wsl --shutdown
wsl --list --verbose

  NAME            STATE           VERSION
* Ubuntu-20.04    Stopped         2

Then you can export the tar file and import it to D drive:

mkdir d:\backuplinux
wsl --export Ubuntu-20.04 d:\backuplinux\ubuntu.tar
wsl --unregister Ubuntu-20.04
mkdir d:\wsl
wsl --import Ubuntu-20.04 d:\wsl\ d:\backuplinux\ubuntu.tar
ubuntu2004.exe config --default-user yourloginname

Check d:\wsl, the ext4 file is moved here. Also check the free space on your C drive. You should see a big difference.


The latest versions of WSL2 include a new wsl --import --vhd option to directly copy the existing VHD (virtual SDD drive for your WSL2 distribution) to another location. Note that this will only work with WSL2 distributions, not WSL1.

Also note that it is important to pick a new, different name for the copied distribution. For instance, if your distribution is "Ubuntu", the new name could be "my_Ubuntu" (I call mine "ntd_Ubuntu").

Exit WSL (and, if you use it, shut down Docker Desktop), then from PowerShell (a regular, non-admin terminal):

wsl --shutdown

# Find the location of the existing distribution:

Get-ChildItem HKCU:\Software\Microsoft\Windows\CurrentVersion\Lxss\ | 
    ForEach-Object { 
        (Get-ItemProperty $_.PSPATH) | Select-Object DistributionName,BasePath 

# Copy the <BasePath> of the distribution you want to copy 
# to the clipboard so that you can paste it into the --import command
# below.

# Create a directory on the other drive for the distro
mkdir d:\WSL\distros\<new_distro_name>

wsl --import <new_distro_name> d:\WSL\distros\<new_distro_name> <BasePath>\ext4.vhdx --vhd

WSL will create a new distribution named <new_distro_name> in the directory on D:.

You can start this distribution with:

wsl ~ -d <new_distro_name>

Because it is a new distribution, WSL needs to be told what the default username is. In the meantime, it will start as the root user. Use this answer to create a /etc/wsl.conf file to specify the default user.

When you are satisfied that the new distribution is working the same as the old, you can remove the old with:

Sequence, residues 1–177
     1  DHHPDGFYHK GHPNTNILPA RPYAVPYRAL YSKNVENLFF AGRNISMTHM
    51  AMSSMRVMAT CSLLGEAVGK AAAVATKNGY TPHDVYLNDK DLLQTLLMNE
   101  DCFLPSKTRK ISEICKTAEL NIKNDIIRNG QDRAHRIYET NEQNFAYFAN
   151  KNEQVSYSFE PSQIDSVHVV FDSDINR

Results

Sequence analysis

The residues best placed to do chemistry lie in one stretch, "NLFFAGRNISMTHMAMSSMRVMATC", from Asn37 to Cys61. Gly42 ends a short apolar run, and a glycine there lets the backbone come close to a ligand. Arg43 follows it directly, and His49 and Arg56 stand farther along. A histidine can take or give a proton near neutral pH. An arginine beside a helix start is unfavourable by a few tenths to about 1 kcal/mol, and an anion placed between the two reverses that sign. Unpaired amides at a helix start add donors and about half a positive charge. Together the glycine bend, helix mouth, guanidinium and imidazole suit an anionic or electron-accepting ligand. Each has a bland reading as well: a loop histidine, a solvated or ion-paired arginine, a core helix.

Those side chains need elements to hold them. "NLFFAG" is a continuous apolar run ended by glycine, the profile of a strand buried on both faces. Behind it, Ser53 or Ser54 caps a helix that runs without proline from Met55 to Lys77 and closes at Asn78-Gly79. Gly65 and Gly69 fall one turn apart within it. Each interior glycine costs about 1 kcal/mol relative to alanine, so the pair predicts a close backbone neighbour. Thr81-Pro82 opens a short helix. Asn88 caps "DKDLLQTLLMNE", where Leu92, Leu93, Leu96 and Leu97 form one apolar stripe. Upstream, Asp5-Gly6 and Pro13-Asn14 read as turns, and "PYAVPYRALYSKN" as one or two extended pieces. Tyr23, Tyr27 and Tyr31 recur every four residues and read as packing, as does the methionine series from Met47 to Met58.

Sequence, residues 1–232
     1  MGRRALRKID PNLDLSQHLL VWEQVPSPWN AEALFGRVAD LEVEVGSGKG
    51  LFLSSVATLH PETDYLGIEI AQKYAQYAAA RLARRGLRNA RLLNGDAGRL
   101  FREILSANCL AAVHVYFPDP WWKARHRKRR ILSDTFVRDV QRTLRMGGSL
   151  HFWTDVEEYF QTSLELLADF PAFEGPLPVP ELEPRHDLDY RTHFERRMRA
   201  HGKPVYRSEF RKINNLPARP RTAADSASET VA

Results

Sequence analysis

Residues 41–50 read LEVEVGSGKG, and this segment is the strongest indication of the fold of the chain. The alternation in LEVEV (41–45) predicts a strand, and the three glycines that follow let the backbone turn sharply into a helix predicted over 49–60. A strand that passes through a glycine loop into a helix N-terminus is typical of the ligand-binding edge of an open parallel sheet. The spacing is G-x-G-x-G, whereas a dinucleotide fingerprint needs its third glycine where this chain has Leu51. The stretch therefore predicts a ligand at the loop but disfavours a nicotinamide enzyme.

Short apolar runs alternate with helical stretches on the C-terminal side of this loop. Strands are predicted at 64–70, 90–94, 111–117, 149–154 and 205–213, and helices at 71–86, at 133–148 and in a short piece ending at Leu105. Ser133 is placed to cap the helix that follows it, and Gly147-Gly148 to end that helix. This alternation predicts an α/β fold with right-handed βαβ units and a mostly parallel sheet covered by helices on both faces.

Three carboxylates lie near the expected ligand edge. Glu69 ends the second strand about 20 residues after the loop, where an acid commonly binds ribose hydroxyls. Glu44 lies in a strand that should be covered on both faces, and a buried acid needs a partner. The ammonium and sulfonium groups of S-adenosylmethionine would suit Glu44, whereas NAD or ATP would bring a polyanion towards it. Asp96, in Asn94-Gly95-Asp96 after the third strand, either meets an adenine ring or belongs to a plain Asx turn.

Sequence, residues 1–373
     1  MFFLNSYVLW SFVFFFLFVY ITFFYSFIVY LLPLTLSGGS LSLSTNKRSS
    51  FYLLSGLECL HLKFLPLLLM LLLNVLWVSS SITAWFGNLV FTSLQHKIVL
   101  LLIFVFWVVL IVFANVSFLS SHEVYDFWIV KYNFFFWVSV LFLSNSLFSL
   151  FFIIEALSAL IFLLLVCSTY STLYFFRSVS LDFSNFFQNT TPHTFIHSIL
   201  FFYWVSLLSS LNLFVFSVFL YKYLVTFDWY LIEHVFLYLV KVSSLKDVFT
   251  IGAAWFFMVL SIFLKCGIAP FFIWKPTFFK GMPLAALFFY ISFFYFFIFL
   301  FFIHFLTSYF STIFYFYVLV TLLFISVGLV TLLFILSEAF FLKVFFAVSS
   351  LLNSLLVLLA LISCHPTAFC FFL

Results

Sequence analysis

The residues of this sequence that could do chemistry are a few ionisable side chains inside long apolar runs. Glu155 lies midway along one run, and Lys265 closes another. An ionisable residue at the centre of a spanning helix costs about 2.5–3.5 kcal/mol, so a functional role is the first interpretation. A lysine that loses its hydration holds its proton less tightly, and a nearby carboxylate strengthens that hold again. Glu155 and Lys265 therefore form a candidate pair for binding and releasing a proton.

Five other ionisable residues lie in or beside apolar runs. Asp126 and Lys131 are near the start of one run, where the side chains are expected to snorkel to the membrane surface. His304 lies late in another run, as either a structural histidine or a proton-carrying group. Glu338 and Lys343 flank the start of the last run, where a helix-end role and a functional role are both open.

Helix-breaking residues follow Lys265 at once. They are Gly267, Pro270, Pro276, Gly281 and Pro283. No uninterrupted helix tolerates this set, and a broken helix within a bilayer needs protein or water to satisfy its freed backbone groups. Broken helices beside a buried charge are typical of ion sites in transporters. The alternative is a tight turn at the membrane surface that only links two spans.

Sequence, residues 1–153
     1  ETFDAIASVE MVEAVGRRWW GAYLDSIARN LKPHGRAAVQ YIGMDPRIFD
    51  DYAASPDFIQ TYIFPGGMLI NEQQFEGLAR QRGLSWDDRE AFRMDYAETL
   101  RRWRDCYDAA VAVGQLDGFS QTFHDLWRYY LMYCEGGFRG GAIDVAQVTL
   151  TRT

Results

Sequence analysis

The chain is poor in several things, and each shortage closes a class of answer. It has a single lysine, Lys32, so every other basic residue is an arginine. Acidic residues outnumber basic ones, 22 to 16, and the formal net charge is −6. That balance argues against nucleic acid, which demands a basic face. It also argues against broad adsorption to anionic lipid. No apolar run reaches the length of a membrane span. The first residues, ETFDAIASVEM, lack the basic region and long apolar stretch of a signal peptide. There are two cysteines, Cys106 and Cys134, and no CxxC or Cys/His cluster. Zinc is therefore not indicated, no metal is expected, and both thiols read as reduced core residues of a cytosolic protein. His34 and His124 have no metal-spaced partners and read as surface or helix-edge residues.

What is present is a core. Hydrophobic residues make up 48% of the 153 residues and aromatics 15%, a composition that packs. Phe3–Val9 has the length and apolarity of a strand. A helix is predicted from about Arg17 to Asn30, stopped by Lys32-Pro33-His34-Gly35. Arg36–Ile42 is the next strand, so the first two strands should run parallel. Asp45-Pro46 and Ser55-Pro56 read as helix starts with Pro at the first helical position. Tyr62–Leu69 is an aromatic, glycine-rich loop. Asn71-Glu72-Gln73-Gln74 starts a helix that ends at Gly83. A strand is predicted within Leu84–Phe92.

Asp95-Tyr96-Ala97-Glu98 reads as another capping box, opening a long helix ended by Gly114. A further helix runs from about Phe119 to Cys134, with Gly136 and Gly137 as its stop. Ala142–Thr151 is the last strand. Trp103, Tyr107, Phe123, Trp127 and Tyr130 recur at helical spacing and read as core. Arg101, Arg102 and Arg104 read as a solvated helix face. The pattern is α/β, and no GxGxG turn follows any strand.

# Warning: This is a destructive and unrecoverable operation
# Please ensure the correct distribution name
wsl --unregister <old_distro_name>

You can set the new distribution as default with:

wsl --set-default <new_distro_name>
  • 1
    you can also rename it first or afterwards if you want to keep the name with regedit under Computer\HKEY_CURRENT_USER\Software\Microsoft\Windows\CurrentVersion\Lxss\... and set DistrubutionName accordingly. Jul 26 at 14:58

Cross post from another answer

  1. wsl --terminate distro_name
  2. move the ext4.vhdx file to new_location
  3. wsl --unregister distro_name
  4. wsl --import-in-place distro_name ext4.vhdx_file_in_new_location

Note you need to be on the latest version, but I can verify that this works.


I have found an approach that does not require deleting (unregistering) and importing an existing distibution.

  1. Stop the distribution you want to relocate: wsl --terminate Ubuntu or wsl --shutdown.

  2. Create a backup, just to be sure: wsl --export Ubuntu D:\Ubuntu-backup.tar`.

  3. Start the Registry Editor (regedit.exe - it requires elevated permissions).

  4. Navigate to Computer\HKEY_CURRENT_USER\Software\Microsoft\Windows\CurrentVersion\Lxss\. Here, you can find all the existing distributions. Find the one that you want to relocate based on the DistributionName entry (in my case, it is Ubuntu).

  5. The BasePath entry shows the current location of the disk. In my case: C:\Users\myuser\AppData\Local\Packages\CanonicalGroupLimited.UbuntuonWindows_79rhkp1fndgsc\LocalState. If you open this folder, you will see that it has one ext4.vhdx file. This is the disk file.

  6. Copy this file to the location where you want to have it. For example, cp C:\Users\myuser\AppData\Local\Packages\CanonicalGroupLimited.UbuntuonWindows_79rhkp1fndgsc\LocalState\ext4.vhdx D:\wsl\Ubuntu\.

  7. Change the BashPath entry in Registry Editor to point to this new location.

  8. Just start the WSL distribution, it will use the disk in the new location. At this point, you can delete the disk file from the original location.

You must log in to answer this question.

Not the answer you're looking for? Browse other questions tagged .